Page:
New Echota Historic Site

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› Pets are not allowed in or around historic sites. Please view our Park Rules page for more information.
New Echota is one of the most significant Cherokee Indian sites in the nation and was where the tragic “Trail of Tears” officially began. In 1825, the Cherokee national legislature established a capital called New Echota at the headwaters of the Oostanaula River. During its short history, New Echota was the site of the first Indian language newspaper office, a court case which carried to the U.S. Supreme Court, one of the earliest experiments in national self government by an Indian tribe, the signing of a treaty which relinquished Cherokee claims to lands east of the Mississippi River, and the assembly of Indians for removal west on the infamous Trail of Tears.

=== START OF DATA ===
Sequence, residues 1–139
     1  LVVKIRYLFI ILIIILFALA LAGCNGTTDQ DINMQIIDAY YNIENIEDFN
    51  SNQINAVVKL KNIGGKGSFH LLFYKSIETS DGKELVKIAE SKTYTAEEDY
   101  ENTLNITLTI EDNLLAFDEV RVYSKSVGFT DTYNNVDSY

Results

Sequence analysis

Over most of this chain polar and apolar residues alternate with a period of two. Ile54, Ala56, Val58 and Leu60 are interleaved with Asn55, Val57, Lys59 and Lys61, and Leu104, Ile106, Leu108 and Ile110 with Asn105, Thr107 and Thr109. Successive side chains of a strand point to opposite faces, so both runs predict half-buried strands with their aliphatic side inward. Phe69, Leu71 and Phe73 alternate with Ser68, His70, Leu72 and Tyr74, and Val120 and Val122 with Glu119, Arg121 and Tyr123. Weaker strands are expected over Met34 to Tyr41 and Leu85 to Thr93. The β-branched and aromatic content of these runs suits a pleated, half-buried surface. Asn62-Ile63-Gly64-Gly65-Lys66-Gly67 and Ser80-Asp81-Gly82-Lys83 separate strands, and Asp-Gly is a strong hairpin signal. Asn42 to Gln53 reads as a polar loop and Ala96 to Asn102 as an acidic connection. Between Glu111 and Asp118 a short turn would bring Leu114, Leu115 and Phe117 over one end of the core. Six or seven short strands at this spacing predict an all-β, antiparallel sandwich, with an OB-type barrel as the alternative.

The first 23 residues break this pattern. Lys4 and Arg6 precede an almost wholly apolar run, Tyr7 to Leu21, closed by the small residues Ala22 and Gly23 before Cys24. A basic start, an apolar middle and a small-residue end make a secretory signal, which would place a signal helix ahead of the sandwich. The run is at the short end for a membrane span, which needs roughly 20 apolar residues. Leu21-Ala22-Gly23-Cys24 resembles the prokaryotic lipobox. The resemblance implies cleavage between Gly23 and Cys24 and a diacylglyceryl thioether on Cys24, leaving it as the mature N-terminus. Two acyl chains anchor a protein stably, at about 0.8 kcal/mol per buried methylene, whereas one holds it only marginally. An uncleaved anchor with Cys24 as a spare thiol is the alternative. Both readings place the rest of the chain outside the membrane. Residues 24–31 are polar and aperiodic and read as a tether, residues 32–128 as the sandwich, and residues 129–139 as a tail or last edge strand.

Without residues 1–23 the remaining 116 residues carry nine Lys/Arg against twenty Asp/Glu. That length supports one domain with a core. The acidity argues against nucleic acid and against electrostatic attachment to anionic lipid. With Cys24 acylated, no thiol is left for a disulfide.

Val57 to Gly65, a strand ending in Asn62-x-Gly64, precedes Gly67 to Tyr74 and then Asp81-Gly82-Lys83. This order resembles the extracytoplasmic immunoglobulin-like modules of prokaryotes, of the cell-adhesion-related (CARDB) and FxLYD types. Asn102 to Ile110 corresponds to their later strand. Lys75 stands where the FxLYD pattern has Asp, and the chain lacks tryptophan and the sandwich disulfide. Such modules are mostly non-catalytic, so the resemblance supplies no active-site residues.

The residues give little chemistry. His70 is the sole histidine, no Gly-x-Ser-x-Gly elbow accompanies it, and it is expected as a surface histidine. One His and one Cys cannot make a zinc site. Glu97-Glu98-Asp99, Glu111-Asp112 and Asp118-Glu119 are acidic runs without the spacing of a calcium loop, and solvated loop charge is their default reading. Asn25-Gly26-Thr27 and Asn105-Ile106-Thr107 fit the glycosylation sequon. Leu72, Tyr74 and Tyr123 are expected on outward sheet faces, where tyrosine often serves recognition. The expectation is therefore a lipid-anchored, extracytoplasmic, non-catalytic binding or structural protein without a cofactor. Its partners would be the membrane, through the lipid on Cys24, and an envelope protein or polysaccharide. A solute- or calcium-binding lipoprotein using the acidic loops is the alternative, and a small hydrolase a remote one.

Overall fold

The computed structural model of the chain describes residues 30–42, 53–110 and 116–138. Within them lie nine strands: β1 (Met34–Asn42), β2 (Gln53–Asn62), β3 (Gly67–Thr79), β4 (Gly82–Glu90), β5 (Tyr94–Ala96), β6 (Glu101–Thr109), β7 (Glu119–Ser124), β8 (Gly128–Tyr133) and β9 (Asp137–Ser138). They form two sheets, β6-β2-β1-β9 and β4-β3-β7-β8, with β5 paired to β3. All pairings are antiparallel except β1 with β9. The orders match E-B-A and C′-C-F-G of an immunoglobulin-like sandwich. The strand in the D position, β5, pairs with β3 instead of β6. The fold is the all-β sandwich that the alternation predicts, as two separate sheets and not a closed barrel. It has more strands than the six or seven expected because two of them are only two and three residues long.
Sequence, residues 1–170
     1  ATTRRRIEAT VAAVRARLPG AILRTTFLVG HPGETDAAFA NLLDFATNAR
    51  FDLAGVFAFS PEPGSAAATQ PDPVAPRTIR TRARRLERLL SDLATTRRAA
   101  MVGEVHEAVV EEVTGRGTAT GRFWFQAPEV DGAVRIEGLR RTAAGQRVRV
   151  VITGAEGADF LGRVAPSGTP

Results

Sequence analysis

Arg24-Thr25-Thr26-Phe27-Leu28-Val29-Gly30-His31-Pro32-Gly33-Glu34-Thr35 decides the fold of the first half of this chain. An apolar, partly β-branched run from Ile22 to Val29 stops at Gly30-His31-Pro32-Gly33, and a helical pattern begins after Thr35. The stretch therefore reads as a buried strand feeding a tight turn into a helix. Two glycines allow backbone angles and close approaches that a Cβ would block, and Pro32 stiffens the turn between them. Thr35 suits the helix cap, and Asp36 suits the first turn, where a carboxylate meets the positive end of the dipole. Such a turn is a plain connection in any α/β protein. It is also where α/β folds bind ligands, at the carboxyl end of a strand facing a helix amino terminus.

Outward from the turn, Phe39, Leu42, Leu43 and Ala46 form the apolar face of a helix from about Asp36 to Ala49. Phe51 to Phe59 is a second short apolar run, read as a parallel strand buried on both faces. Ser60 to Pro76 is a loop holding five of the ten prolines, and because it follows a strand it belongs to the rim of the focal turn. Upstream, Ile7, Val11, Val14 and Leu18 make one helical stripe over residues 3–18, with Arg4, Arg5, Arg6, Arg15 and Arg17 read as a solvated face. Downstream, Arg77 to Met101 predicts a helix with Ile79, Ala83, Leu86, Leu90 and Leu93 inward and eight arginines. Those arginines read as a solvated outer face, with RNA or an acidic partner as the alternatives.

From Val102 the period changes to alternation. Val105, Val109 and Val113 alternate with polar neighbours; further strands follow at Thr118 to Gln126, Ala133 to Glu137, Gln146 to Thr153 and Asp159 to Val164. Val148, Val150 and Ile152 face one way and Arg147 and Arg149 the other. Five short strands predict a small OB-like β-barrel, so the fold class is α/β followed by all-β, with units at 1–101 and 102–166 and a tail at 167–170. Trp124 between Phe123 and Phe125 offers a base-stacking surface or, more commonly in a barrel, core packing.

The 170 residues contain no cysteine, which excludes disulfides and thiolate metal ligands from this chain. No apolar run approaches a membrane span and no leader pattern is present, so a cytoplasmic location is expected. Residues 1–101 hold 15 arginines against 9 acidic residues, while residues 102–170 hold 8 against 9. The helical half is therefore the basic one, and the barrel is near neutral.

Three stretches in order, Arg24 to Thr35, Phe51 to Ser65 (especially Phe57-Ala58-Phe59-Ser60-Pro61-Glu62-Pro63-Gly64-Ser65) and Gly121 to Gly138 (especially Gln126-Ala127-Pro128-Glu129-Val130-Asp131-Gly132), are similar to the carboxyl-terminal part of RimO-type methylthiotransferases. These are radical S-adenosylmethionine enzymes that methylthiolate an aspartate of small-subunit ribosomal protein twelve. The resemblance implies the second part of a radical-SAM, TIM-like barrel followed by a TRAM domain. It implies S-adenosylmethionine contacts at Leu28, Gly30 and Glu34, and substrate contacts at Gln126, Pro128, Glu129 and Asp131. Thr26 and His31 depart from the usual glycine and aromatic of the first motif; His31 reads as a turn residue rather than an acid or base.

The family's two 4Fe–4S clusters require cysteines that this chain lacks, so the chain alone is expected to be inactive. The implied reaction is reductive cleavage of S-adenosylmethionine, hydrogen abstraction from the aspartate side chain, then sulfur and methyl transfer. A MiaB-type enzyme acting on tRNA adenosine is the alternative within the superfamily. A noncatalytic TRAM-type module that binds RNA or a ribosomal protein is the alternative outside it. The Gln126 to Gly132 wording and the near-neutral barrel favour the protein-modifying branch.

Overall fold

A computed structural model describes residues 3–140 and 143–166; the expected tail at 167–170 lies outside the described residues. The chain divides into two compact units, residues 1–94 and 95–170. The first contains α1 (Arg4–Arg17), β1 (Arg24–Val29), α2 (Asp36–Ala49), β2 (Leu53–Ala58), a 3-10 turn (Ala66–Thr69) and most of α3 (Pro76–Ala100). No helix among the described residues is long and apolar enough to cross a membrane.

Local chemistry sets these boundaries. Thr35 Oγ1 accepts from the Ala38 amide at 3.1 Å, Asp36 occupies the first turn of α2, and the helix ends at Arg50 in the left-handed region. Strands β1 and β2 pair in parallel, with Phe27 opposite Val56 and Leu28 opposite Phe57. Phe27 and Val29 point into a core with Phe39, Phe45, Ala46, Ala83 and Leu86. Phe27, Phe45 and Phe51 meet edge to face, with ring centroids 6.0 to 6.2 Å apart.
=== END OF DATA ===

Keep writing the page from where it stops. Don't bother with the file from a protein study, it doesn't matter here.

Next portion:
Today, visitors can see 12 original and reconstructed buildings, including the Council House, Court House, Print Shop, Missionary Samuel Worcester's home, and an 1805 store, as well as outbuildings such as smoke houses, corn cribs and barns. In the visitor center, guest can purchase souvenirs, books, music, plus view interpretive exhibits and a 17-minute film. Nature trails leads visitors to New Town Creek and a small beaver pond.


GPS Coordinates:

N 34.540433 | W -084.910033
Located in Calhoun one mile east of I-75 exit #317 on Highway 225.

1211 Chatsworth Highway NE
Calhoun, GA 30701
Gordon County



3rd Saturdays at New Echota Family
3rd Saturday of Month 10 AM - 4 PM from Aug 19, 2017 until Oct 21, 2017 
Presenter/Location: New Echota Historic Site
Guided tours, docents and demonstrations in the buildings bring alive the early 19th century of the historic Cherokee National Capital. Get involved. Special volunteer projects held on these 3rd Saturday program days also. Stay up to date by visiting Friends of New Echota on Facebook.  $5.50-$7 706-624-1321.
Mr. David Gomez
706-624-1321  Site Mgr. II, New Echota State Historic Site

Mr. David Gomez